You can't blame the Houston Texans for trusting their ability to scout running backs form the undrafted free-agent crop. 2009 undrafted free agent Arian Foster has only turned into the league's leading rusher in 2010 and a franchise player entering this season.
So when one of the most respected beat writers in the league, John McClain of the Houston Chronicle, reports that the coaches "love" undrafted rookie running back Jonathan Grimes, we should take notice.
What do we know about Grimes? He was a four-year starter at William & Mary, capping his career with a 1,431 yard, 10-touchdown senior season. Sports Illustrated cited his elusiveness, instincts, vision, ability to run low to the ground and set up blocks, strength and leg drive as positives. He also graded out as a good receiver out of the backfield and blocker.
That makes Grimes sound like a first-round pick. The negatives, according to SI, are his ability to turn the corner, change direction on a dime and run away from defenders.
Grimes' pro day numbers per Pro Football Weekly tell a slightly different story, as Grimes had a 4.55 40, 38" vertical, 4.03 short shuttle and 6.84 three-cone time .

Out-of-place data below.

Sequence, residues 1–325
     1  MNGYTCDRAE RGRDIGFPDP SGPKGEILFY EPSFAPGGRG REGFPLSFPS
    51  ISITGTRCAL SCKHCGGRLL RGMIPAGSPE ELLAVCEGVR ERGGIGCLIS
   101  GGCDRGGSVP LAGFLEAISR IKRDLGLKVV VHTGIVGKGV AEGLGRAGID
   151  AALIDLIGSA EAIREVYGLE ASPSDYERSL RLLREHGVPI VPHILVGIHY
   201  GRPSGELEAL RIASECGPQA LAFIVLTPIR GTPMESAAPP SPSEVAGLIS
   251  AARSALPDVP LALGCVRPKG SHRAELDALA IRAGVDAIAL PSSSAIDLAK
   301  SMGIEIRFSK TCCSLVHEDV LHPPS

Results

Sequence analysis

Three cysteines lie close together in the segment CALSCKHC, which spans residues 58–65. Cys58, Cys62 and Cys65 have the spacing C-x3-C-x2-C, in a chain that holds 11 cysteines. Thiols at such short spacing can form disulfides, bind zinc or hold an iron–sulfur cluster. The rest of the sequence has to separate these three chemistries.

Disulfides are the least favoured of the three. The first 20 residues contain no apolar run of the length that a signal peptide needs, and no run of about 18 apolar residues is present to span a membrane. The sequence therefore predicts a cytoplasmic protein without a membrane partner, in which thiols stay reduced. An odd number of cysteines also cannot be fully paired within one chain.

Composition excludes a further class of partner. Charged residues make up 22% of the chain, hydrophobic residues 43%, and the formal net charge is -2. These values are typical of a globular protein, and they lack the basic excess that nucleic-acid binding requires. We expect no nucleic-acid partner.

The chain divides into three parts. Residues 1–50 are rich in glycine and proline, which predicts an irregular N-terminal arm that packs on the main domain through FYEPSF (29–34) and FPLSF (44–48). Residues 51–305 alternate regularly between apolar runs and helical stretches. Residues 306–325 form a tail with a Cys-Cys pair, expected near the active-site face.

For comparison's sake, first-round pick Doug Martin ran a 4.55 with a 36" vertical, 4.16 short shuttle and 6.79 three-cone drill at the combine. Martin is carrying about 15 more pounds than Grimes and played at a higher level of competition, but the raw physical tools are similar.
Dave Fairbank of the Daily Press reported that Grimes said about 10 teams courted him as the draft was winding down, and he took about 25 minutes to make his decision. He chose them because they called first, they were willing to give him time to decide and they said they would give him a chance to compete for the No. 3 running back job.
Even if it didn't figure into his decision, the Texans' ability to turn an undrafted running back into an All-Pro could make him look very smart for choosing them, as long as he makes them look smart for choosing him.